Hafwen paced on the deck in the midday sun, absently playing with the braid in her dark hair. She had been hunting in the forest when the messenger from Celestaon summoned her. She had never actually spoken to the eldest of the village—few did—but fewer still were summoned personally.
Now anxiety was setting in after spending all morning waiting for the elder on her porch. Hafwen was trained to function without sleep, but four days was pushing it. She watched others breaking for a meal and heading towards the communal house. The smell of seasoned meat filled the air and had taunted her for the past couple of hours.
A couple of builders passed close to the deck and glanced up at Hafwen with broad smiles and flexing arms. She smiled back as best her weary mind would allow. They continued, leaving Hafwen to fall on the railing of the porch and repeatedly tap it with her forehead in frustration.
“You will injure that pretty face, child,” a gentle voice cooed, sending her into an attack pose that she almost landed.
The full chested laugh of a woman over a hundred years old was a wheezy chirping sound. It was almost as embarrassing to Hafwen as the barely stable footing she found.
“Elder Celestaon!” Hafwen said hurriedly once her mind was at ease again.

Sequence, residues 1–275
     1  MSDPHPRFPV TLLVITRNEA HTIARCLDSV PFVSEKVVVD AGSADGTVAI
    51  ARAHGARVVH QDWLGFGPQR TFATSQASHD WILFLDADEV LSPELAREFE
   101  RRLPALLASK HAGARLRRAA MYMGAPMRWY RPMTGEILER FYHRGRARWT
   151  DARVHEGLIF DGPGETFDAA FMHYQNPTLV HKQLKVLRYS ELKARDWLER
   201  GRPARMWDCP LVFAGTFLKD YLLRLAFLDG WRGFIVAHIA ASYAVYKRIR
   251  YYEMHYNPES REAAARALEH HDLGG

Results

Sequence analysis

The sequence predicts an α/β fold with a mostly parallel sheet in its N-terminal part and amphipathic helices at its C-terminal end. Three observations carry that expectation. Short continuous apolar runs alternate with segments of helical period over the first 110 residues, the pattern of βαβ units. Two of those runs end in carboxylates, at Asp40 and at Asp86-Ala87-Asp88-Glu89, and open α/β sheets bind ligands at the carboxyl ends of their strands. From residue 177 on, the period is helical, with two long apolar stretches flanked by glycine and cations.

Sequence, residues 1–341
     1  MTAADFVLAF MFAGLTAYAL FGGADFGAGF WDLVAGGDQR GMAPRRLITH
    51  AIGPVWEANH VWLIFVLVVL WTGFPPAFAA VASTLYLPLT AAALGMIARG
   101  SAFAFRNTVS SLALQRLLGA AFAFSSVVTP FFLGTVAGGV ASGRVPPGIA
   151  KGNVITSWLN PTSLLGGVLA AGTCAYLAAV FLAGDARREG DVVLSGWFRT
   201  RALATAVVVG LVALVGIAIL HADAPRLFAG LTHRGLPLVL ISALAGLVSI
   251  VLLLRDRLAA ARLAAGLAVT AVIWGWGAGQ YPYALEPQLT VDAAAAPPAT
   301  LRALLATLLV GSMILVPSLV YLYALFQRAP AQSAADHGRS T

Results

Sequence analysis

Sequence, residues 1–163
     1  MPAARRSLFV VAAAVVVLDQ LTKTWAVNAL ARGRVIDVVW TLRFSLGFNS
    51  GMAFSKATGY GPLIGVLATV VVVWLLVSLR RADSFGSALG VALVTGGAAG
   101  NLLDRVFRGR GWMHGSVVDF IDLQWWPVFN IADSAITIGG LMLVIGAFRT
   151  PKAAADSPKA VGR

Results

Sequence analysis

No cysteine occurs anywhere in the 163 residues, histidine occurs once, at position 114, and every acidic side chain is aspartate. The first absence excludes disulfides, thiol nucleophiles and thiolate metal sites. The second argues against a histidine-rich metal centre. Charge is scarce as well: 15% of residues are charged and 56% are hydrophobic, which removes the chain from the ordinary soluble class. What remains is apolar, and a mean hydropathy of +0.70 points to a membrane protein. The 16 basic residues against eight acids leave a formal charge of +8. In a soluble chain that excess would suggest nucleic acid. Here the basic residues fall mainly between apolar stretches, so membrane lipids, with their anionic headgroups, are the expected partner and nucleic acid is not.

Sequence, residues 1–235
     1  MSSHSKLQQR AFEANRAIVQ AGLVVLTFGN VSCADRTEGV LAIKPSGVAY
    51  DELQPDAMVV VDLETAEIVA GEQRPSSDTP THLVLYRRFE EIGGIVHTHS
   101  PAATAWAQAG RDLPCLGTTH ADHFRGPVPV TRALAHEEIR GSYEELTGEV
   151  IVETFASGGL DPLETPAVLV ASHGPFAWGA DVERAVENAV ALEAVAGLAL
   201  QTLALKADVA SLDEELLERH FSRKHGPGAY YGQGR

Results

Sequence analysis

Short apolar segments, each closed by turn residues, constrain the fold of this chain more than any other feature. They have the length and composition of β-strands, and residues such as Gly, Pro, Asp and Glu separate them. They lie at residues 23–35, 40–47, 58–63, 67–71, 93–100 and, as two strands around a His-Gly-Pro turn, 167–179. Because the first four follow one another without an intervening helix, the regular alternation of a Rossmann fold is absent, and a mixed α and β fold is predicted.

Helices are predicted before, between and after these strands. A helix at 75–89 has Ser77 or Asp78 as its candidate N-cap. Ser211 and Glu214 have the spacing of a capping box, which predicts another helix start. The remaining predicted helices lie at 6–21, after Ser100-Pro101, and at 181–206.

“Come in, child. I am sure you could use some rest.” The old woman waved a hand as she opened the door to her home.
The threshold of the Celestaon’s home was like a portal to some other world. The smells of a thousand herbs and the cool air that caressed her skin was in sharp contrast to the world outside. Misten was marsh-drenched nearly all year. Everything the senses perceived came with an overtone of wet. The Elder sat in a chair covered with the furs of half a dozen beasts and stared at Hafwen.
“My child, I will come to the point.” The old woman’s eyes had a fierceness to them that stunned Hafwen. “I have asked your Constelari all about you in the days since you were sent hunting. They tell me you are solitary, you spend your days training and have honed yourself into one of our finest hunters. You are also a devout woman, wise beyond your elders.”
“Thank you,” Hafwen’s words came out meek as she thought, “Why was Celestaon praising her?”
Celestaon wasn’t smiling, though. “What I am about to ask you will be more difficult than any beast you’ve faced. You have been given a Starlen, starting today.”
Hafwen was speechless. A Starlen, the tribe’s term for a young member. They were never given like this. She had thought to take on a Starlen in a few years—everyone did eventually—to raise them, watch them, and finally welcome them into one’s own Constelari.
The soft footfalls of the Celestaon’s handmaiden pulled Hafwen from her thoughts. The small girl carried a squirming blanket over to Hafwen. She reached for the child with trembling hands. Picking it up to her chest, the blanket fell slightly, exposing the baby to the humid air of the cabin.
Hafwen stared at the markings on the child’s chest in disbelief, casting a glance to Celestaon, the highest authority in the Aquar Eques tribe. Celestaon laced her fingers, resting her wrinkled chin on them, and said, “Her name is Aliene, and she is going to have a very trying life. We must do what we can while she is with us.”